The Bulletin of American Meteorological System (BAMS) State of the Climate 2016 report was released on August 10 with key contributions from IARC scientists.
The report highlights significant changes and record breaking temperatures in the Artic and Alaska.
Compared to lower latitudes, the Arctic is warming at more than twice the rate with 2016 being the warmest year for Alaska since 1925.
With new wind patterns occurring, warmer air from storms in the lower latitudes are being brought up to the north.
“The winds account for some of the warming, but the other half is due to other factors,” explains John Walsh, IARC chief scientist.
These possible factors include anthropogenic causes, carbon dioxide, and greenhouse warming.
“El Niño affects the winds, but we also had this build up of greenhouse gases,” says Walsh. “So when you mix them together, you get the ingredients for record high temperatures.”
These record high temperatures have caused a domino effect with sea ice and snow cover decreasing, glaciers retreating, and permafrost thawing. According to the report, Alaska experienced record low snow cover in April and May along with record high temperatures at permafrost observatories on the North Slope. Even the vegetation is shifting due to these environmental changes with greening vegetation on the North Slope and browning vegetation in Western Alaska.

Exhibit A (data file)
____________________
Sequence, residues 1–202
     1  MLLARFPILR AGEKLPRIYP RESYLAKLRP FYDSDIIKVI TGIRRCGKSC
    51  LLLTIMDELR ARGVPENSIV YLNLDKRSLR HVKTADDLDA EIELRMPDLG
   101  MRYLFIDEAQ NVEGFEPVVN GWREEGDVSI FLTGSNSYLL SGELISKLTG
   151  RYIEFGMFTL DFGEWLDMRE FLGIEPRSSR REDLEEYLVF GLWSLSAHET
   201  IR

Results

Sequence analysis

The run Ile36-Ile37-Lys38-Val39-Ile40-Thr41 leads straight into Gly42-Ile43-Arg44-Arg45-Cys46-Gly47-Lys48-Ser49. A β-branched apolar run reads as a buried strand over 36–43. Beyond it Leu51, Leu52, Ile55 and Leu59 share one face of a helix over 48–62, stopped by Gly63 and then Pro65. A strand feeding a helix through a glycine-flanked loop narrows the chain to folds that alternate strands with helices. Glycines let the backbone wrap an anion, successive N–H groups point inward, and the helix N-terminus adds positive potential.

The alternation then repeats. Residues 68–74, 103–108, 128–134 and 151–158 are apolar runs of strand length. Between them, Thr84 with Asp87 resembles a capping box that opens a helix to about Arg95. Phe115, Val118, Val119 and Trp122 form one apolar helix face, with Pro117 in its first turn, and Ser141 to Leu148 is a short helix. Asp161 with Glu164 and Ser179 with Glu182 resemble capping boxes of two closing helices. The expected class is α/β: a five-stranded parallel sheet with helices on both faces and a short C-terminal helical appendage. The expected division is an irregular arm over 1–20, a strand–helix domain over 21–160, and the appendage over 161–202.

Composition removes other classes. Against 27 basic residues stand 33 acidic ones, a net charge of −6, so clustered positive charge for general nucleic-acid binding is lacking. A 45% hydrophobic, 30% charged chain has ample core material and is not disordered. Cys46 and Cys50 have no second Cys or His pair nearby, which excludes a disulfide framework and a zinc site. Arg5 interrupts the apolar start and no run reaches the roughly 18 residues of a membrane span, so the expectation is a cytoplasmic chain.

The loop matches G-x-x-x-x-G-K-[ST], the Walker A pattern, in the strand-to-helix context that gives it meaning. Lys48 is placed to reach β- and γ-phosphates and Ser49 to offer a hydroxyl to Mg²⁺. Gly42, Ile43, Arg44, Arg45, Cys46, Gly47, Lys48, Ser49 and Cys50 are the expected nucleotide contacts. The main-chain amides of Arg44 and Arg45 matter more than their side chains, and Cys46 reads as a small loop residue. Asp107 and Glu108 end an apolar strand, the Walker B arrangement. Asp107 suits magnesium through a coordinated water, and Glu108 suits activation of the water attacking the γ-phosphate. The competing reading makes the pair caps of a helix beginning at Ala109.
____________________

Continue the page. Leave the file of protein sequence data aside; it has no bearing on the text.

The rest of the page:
“All these changes create the bigger picture that tells a consistent story and temperature is front and center,” says Walsh.
With temperature increasing, Alaskans can continue to expect less extreme winters and more extreme summers with 2016 surpassing record highs and falling short of record lows. Walsh explains that Alaskans should expect warmer years to be more frequent, but not every year.
“This year probably won’t be one of the warmest years on record, but it will be one of the many dips and rises on a pattern that is trending upwards,” explains Walsh.
To read the full report, please visit the BAMS website.